“Mother Night”

Mother Night

[Explanation of Reading Journal Entries/Ratings]

Kurt Vonnegut’s third novel, published in 1962. I read a 2009 Dial Press Trade Paperback from the library.

Buy the Book.

3 out of 5 stars. 

Times Read: 2

Seen the Movie: There’s a movie? Weird. There’s a movie. Have not seen it, do not plan to.

The Plot:

American Howard W. Campbell, Jr., who spent World War II promoting fascism and hate on German radio (while being a secret agent for the United States), explains how he ended up in an Israeli prison.

Kurt Vonnegut isn’t aging well. Or maybe I’m not aging well. Authors and books I used to love are leaving me irritated. When I read Mother Night four years ago, I gave it five stars. This time, it was a struggle to justify three.

Vonnegut tells us the moral of Mother Night in the introduction: “We are what we pretend to be” (p.v). Which means this tale is about a Nazi. Our sympathies are supposed to be with Howard Campbell and I have no idea why.

There are some very good scenes, all involving events during the war (the death of a dog, the hanging of Campbell’s father-in-law, and a scene in a bomb shelter), but the events and characters in the near-present are caricatures and punchlines. Fascist, racist people are portrayed as harmless buffoons and are given more humanity than Resi Noth, who wins the award for most depressing female character I’ve encountered this year (see note [51]).

By the halfway point, Mother Night had me wishing I’d picked up something else from the library.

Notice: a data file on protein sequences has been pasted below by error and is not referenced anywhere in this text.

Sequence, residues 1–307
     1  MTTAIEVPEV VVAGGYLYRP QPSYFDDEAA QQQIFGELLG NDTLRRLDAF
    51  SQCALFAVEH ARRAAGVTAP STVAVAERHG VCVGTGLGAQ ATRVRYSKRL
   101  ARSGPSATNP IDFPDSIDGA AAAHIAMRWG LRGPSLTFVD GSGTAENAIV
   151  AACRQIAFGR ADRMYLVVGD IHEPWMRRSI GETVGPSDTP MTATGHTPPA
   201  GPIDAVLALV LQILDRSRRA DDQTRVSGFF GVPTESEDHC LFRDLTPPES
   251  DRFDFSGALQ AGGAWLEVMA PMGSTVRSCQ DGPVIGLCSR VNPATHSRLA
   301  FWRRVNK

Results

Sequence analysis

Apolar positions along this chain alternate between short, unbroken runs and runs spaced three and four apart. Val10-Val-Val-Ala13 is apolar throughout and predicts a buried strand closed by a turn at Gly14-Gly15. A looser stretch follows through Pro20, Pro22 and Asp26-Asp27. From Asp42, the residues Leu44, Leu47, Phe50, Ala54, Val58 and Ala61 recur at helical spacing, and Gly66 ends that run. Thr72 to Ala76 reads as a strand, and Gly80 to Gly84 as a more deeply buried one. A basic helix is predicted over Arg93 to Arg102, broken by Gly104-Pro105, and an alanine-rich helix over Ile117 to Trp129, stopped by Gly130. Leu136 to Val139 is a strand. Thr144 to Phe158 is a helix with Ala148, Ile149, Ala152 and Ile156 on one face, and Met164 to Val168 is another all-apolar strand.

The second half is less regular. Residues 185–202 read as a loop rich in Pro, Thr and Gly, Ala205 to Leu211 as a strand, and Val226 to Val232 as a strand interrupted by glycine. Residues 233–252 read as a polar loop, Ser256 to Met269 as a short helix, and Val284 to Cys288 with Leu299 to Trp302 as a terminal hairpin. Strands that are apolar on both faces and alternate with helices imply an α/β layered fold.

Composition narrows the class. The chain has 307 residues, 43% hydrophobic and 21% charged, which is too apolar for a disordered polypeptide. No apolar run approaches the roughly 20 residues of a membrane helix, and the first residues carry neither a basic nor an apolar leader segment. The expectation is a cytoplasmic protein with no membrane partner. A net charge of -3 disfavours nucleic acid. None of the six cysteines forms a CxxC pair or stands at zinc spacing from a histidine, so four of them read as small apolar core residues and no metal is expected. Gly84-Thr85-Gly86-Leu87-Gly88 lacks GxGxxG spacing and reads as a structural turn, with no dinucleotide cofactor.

[1]

To say that he was a writer is to say that the demands of art alone were enough to make him lie, and to lie without seeing harm in it.

(p.ix)

[2] References:

Father and son spend most all their spare time excavating the ruins of Hazor. They do so under the direction of Yigael Yadin, who was Chief of Staff of the Israeli Army during the war with the Arab states.

(p.3)

 

Tel Hazor is an archaeological tell (artificial mound formed from accumulated human refuse) at the site of ancient Hazor, located in Israel. In the Middle Bronze Age (around 1750 BC) and the Israelite period (ninth century BC), Hazor was the largest fortified city in the country. In the book of Joshua, Hazor is described as “the head of all those kingdoms” (Josh. 11:10). The Hazor expedition headed by Yigael Yadin in the mid-1950s was the most important dig undertaken by Israel in its early years of statehood.